FTC-CFPB workshop looks at accuracy in credit and background screening reports

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When consumers apply for credit, housing, or employment, consumer reports are often used to help decide whether they can get that loan, apartment, or job. With so much at stake, the accuracy of those reports is of the utmost importance. On December 10, 2019, the FTC and CFPB will host a workshop to discuss issues related to the accuracy of traditional credit reports and background screening reports used by prospective employers and landlords.

A lot has happened in consumer reporting since the FTC’s 2012 study on accuracy in credit reports and the follow-up study a few years later. The CFPB has conducted supervisory reviews of large credit reporting agencies, as well as providers of consumer financial products or services that furnish information about consumers to CRAs. Then there was the 2015 multistate AG settlement requiring stricter standards for matching records, removing certain public record information, and restricting medical debt reporting. And tech developments once on the horizon – for example, the use of machine learning and alternative data in making eligibility determinations – are right here, right now.

Who will be around the table at the December 10th event? We hope to have a wide-ranging public conversation among consumer advocates, industry representatives, and regulators. The FTC and CFPB just posted a list of discussion topics and would like your feedback. Save a step and file your comment online. We’ll leave the public record open until January 10, 2020. Interested in volunteering as a presenter or panelist? Email us as AccuracyWorkshop@ftc.gov. (By the way, if you’re affiliated with a group that has provided funding for research, analysis, or commentary on relevant topics, please provide details in your comment or in your request for consideration as a speaker.)

The workshop – it’s free and open to the public – is set for the FTC’s Constitution Center conference facility, 400 7th St., SW, in Washington, D.C. We’ll also webcast it live on the FTC event page.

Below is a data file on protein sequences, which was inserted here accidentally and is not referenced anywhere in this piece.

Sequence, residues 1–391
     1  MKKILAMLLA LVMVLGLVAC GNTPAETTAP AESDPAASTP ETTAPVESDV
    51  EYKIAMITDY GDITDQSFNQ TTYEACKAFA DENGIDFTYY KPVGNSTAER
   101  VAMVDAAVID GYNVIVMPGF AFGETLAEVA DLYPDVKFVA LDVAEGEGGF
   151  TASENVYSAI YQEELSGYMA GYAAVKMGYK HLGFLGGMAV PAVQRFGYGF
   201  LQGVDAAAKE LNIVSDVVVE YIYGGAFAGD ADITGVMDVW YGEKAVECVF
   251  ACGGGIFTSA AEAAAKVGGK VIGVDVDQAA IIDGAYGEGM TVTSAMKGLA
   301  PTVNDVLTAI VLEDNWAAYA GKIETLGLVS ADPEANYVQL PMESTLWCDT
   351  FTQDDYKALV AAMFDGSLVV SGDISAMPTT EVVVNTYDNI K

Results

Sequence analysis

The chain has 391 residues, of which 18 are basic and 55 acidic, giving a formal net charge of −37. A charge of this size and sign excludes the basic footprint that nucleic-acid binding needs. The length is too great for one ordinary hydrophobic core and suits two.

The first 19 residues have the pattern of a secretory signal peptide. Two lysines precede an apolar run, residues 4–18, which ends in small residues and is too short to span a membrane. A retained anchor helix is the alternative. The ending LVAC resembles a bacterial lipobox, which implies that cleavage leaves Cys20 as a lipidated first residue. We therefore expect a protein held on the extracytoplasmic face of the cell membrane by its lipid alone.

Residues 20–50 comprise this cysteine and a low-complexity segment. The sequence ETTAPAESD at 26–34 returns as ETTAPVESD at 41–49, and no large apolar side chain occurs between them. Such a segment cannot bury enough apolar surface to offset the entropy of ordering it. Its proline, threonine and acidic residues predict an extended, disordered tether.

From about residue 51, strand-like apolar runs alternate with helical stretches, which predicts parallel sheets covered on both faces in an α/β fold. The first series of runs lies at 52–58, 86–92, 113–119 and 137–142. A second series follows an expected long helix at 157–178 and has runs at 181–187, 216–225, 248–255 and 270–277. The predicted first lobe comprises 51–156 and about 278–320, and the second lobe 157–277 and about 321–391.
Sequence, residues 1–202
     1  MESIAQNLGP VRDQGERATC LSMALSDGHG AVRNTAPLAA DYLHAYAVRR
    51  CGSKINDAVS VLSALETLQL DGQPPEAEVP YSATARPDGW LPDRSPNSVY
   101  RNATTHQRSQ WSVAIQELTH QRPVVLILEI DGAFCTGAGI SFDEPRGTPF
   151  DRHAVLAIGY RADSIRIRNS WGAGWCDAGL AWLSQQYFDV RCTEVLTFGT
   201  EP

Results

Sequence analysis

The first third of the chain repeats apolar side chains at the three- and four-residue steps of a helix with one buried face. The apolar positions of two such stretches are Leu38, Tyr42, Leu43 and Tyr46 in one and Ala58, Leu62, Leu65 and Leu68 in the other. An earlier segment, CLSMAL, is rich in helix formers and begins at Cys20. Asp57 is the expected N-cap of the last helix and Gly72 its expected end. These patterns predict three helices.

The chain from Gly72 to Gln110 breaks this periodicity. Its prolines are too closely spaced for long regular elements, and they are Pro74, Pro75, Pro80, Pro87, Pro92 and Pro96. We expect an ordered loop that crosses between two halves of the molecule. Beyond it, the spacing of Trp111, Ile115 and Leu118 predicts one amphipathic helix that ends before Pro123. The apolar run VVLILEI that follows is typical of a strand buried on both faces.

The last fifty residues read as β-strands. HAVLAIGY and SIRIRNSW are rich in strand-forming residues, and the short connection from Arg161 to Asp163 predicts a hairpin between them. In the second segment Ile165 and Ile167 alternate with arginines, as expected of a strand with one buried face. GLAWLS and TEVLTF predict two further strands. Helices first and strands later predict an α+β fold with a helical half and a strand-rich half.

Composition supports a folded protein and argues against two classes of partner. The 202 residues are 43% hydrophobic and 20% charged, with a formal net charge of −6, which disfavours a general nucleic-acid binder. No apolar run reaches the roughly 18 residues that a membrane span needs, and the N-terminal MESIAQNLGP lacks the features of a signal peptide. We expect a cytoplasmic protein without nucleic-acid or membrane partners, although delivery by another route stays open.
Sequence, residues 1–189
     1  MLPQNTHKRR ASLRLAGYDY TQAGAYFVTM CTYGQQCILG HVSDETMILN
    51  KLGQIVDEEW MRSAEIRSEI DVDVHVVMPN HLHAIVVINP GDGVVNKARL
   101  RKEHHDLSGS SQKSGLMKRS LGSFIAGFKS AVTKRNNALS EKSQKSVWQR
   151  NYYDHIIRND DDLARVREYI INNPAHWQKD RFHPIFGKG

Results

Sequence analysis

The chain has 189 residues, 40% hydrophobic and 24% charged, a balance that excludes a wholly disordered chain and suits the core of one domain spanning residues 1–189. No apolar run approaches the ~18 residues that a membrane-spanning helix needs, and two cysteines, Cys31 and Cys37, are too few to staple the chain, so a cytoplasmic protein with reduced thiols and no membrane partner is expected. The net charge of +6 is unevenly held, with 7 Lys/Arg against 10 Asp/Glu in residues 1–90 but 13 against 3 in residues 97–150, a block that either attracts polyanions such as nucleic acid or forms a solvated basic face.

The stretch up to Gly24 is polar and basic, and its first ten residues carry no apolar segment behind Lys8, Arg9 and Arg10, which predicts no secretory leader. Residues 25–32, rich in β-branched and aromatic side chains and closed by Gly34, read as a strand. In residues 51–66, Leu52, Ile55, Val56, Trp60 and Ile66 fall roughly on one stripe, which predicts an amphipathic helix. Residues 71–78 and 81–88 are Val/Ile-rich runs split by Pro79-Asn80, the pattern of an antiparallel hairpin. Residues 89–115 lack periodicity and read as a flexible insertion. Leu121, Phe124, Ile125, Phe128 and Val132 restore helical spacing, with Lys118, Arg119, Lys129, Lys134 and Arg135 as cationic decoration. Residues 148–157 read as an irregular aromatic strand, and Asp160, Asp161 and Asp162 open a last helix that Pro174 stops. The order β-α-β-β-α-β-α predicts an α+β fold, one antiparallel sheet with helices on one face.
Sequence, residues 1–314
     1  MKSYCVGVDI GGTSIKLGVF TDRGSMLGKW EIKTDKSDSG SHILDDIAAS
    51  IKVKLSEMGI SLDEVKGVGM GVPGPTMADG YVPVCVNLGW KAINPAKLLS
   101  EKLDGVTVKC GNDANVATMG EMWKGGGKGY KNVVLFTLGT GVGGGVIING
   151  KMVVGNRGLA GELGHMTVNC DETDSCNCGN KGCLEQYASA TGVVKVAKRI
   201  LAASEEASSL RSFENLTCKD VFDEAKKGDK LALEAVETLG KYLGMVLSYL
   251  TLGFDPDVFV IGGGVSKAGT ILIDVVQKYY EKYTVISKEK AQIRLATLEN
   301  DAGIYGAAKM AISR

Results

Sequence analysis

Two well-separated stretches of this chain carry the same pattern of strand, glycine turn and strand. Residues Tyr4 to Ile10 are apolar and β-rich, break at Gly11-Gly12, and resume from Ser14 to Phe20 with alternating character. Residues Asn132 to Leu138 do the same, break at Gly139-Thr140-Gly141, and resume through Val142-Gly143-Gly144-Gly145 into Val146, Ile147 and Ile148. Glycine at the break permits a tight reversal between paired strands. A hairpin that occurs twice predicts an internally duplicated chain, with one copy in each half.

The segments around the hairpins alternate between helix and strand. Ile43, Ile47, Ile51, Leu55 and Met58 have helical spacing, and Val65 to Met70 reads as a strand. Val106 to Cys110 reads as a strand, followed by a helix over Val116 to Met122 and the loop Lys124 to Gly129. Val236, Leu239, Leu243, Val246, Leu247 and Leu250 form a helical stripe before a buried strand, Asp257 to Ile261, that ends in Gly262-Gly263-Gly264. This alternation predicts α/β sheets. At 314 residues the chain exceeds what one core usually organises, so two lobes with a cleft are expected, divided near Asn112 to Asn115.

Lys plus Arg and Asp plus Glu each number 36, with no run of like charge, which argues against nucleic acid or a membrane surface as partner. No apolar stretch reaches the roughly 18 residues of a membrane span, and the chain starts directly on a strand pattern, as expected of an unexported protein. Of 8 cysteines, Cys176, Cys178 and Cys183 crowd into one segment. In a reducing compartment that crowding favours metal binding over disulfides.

Mark December 10th on your calendar and follow the Business Blog for updates on the agenda.


Civil service exams and non exam hires ... How does someone's past cause delays in aquiring a equal opportunity job when. Seekers are hesitent to trust job fair offers and information for true professionalism as resource for employment..?

With all the hacking going our Social Security numbers and our credit reports are being spread around like honey and they are not being kept private,every doctor, hospital has to have our Social Security numbers, drivers license numbers ,then Experian was hacked and information was used to obtain a lot of items before the public was even informed, Something has to be done to protect our information or we might as well write it on our shirts & walk around with it! What solutions do you per pose to solve this epidemic?

Thank you for this wonderful opportunity. I pray that everyone will sign up for this workshop, I read every message that you send. I am 73 and need to be educated on every situation and scam that comes up new every day. Thank you for helping to educate us all.

I would like to see the law changed for the 7 year reporting of paid collections. My father was ill, i put my life on hold to care for him. I have paid off several collections in hopes I might be able to have a home. But now that I am 60, I have a 57$ collection, that I paid, that is destroying my chances of ever having a home. I don't believe this is "fair". I think it should be changed for paid items. Otherwise it gives no incentives to try very hard and pay debts. It ruins you for life if you are 60.

If a company takes adverse action against you, like denying your application for credit, insurance, or employment, based on information in your report, you're entitled to a free copy of your credit report. You must ask for your report within 60 days of getting the notice of the action. The notice will give you the name, address, and phone number of the credit reporting company.

You can dispute any items on the report that aren't accurate. This FTC article about disputing items on your credit report tells more.

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